Decision making – The majority of owners of businesses are responsible of making more broad business decisions that affect the company’s cash flow in and out. A budget allows a company to make more informed judgments about how much it can increase remuneration, whether incentives are possible for employees, what benefits it can offer employees, and if it has the capacity to expand business activities.

Performance evaluation – According to Prasanna (2022), employees can work with management to set goals for a budgeting season, as well as bonuses based on their achievement. A budget versus real report could be created to offer staff with information on how they are performing in relation to their goals. Financial and operational goals can be integrated into the budget for performance evaluation purposes using responsibility accounting systems. In addition, evaluation aids in the monitoring and control of the actual outcome. Performance evaluation also aids in the implementation of many activities such as altering business operations over time or changing the budget if it is unrealistic.

Financial planning – Companies should establish financial goals that, if met, indicate whether they performed well and are able to continue operating regularly or expand as needed. It is impossible to know how a firm is going if its management lacks a budget, and you may discover after the year is over that it isn’t generating any money. A budget can help a business stakeholder achieve their goals by giving a clear overview of the sources and uses of business’ money.

Budgeting: Disadvantages

Making a budget is a crucial step in ensuring that your business has the resources it requires to run smoothly. A budget, on the other hand, can sometimes have drawbacks that prevent your business from reaching its full potential. Here are some of the disadvantages of budgeting according to Indeed (2022c) and O’Hoyt (2014).

Based on assumptions – There are normally certain assumptions which are similar to the way the budget was established at the time of writing. Even a minor shift in the business environment could have a significant impact on the company’s income or cost structure, causing budget expectations to swiftly shift. An economic downturn can make this a difficult situation to deal with, as the budget allows for some spending that is unaffordable when there is less income. As a result, the company will lose money if management doesn’t take action swiftly to revise or adjust the company’s budgeting policies. It is also possible that changes in commodity prices, currency exchange rates, and interest rates can alter a project’s performance. (O’Hoyt, 2014).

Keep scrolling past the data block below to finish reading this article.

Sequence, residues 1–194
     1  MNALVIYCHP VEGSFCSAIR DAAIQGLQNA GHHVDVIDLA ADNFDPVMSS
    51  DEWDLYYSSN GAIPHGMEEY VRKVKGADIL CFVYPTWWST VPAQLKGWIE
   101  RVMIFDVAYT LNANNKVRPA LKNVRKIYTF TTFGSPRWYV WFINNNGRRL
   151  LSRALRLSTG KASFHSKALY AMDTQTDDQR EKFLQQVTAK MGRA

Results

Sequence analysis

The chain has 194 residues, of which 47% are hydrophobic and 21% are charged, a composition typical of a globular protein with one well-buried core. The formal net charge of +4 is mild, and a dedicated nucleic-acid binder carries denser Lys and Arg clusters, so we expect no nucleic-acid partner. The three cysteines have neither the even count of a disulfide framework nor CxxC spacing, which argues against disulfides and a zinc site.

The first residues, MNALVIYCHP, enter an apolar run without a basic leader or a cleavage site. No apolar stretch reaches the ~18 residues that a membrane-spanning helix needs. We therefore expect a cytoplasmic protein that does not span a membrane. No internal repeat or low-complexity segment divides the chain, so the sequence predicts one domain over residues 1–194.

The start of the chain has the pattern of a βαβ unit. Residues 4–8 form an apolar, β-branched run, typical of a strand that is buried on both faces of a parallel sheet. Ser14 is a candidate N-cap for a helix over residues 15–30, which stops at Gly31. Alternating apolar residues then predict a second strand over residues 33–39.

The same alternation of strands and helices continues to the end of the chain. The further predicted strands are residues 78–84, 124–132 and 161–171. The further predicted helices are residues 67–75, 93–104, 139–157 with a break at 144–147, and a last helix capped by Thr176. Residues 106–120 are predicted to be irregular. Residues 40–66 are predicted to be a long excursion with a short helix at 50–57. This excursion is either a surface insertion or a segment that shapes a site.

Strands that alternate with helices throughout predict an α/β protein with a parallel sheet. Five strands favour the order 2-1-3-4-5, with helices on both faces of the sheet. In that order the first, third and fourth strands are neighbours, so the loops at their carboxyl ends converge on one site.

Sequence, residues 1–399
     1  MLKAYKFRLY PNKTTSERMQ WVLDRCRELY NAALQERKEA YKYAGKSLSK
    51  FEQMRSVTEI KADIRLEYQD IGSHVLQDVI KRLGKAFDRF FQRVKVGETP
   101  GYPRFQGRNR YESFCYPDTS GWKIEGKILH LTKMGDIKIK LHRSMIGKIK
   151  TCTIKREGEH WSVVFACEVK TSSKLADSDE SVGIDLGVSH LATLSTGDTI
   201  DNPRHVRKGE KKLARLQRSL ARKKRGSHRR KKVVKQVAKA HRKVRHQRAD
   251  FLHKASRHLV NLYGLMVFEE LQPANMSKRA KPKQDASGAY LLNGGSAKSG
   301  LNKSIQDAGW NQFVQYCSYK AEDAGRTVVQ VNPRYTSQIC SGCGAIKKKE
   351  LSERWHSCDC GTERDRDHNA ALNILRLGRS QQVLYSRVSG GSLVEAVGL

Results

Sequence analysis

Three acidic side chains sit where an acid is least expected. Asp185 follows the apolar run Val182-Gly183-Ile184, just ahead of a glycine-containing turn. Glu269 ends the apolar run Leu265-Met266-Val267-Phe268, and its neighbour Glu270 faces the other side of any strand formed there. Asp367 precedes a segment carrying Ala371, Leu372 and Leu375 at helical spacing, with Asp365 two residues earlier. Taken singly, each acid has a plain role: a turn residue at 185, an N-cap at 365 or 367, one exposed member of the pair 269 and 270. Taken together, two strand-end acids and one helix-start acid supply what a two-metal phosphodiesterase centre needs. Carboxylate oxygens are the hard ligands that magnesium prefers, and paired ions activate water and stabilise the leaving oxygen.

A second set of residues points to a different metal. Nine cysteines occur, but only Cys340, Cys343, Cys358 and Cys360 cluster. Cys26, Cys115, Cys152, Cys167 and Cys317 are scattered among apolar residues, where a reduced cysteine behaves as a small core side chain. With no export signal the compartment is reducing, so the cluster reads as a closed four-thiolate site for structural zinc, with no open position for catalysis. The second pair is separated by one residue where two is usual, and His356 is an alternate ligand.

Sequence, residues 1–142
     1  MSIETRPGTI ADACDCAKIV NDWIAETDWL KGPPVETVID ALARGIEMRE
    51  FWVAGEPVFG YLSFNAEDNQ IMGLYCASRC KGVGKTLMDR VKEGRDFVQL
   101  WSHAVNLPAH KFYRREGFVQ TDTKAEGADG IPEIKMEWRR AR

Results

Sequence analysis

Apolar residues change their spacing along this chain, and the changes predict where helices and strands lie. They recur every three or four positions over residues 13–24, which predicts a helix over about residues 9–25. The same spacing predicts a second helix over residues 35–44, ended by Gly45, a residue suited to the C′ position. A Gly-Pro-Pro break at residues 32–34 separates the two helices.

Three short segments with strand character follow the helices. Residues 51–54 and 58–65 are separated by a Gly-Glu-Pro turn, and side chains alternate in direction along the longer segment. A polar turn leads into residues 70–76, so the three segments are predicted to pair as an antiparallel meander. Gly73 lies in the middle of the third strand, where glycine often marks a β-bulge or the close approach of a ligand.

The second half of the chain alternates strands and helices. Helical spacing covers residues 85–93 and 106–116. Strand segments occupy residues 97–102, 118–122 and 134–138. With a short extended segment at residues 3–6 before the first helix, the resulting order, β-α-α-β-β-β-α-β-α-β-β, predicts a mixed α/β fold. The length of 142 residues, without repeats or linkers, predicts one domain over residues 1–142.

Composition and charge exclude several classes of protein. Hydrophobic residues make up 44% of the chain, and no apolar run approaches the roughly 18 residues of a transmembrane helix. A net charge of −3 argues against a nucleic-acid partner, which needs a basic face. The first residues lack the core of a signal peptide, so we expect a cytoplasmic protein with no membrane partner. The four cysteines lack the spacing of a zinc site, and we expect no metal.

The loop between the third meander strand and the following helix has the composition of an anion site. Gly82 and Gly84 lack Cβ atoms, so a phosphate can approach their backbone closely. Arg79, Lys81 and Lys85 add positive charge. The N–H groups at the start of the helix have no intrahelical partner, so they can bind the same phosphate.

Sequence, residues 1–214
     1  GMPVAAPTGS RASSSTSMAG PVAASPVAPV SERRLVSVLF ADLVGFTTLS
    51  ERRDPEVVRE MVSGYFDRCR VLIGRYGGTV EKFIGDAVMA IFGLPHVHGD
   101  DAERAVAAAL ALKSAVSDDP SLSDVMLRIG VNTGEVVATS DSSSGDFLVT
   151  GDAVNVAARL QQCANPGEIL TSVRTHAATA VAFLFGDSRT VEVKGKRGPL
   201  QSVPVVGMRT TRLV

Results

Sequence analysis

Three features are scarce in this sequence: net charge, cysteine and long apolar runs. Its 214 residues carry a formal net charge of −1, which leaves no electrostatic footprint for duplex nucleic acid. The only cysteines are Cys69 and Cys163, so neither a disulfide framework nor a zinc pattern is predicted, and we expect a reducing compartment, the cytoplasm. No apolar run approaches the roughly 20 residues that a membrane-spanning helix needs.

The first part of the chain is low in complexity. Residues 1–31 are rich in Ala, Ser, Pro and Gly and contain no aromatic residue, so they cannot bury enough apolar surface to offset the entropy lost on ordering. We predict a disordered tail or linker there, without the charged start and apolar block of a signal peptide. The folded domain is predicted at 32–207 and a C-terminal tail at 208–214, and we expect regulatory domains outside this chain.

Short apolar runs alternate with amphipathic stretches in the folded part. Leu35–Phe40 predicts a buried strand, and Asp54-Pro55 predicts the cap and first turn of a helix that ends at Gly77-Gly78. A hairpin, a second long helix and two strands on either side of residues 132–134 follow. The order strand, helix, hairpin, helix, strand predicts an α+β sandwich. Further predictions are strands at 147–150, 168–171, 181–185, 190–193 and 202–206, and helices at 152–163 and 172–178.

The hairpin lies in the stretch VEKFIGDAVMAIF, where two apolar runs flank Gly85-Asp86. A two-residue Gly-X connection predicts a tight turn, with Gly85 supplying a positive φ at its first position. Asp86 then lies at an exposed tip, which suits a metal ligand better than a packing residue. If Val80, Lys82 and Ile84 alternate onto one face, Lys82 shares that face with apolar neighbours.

Rigid decision making – A lot of attention is only paid to strategy at this time of year when they are making their budgets for the next year. We won’t be rethinking our strategy for the rest of the year because we don’t have to do that. Thus, if there is a major shift in the market right after a budget is done, there is no formal way to assess the situation and make changes. This puts a company at a big disadvantage to its more agile competitors.

It is time consuming – It can take a long time to make a budget, particularly in a bad-organized place where many changes to the budget may be needed. If there is a properly-designed budgeting process, employees are used to the process, and the company uses budgeting software, the amount of time it takes is less. If business conditions are volatile, the work can be more extensive. This means that the budget model needs to be changed over and over again (Bag, 2022).

Considers financial results alone – As a result of the numerical structure of the budget, management tends to focus on the quantitative components of a company, which shows a conscious effort to expand or maintain profitability. Customers will only buy from a company if they receive good service and fairly priced goods, and customer satisfaction is more important than a company’s earnings. Qualitative rather than quantitative aspects make it more difficult to budget for these concepts. Thus, budgeting does not always match the client’s requirements.

Budgeting Approaches

Zero-based budgeting – Zero-based budgeting starts from scratch without any reference. As a result, all budget categories begin at zero balance unlike in increamental budgeting. As a result, every business segment is examined, and all expenses, not just the extras, must be approved. Zero-based budgeting guarantees that resources are directed to the areas of your business that require them the most. It accomplishes this by requiring managers to justify everything they do in their departments, knowing that their budget will not be spent otherwise. If they fail to do so, they will lose money and resources, and their job would come to an end. This type of unjustified spending is expected to come to an end (ACCA, 2022).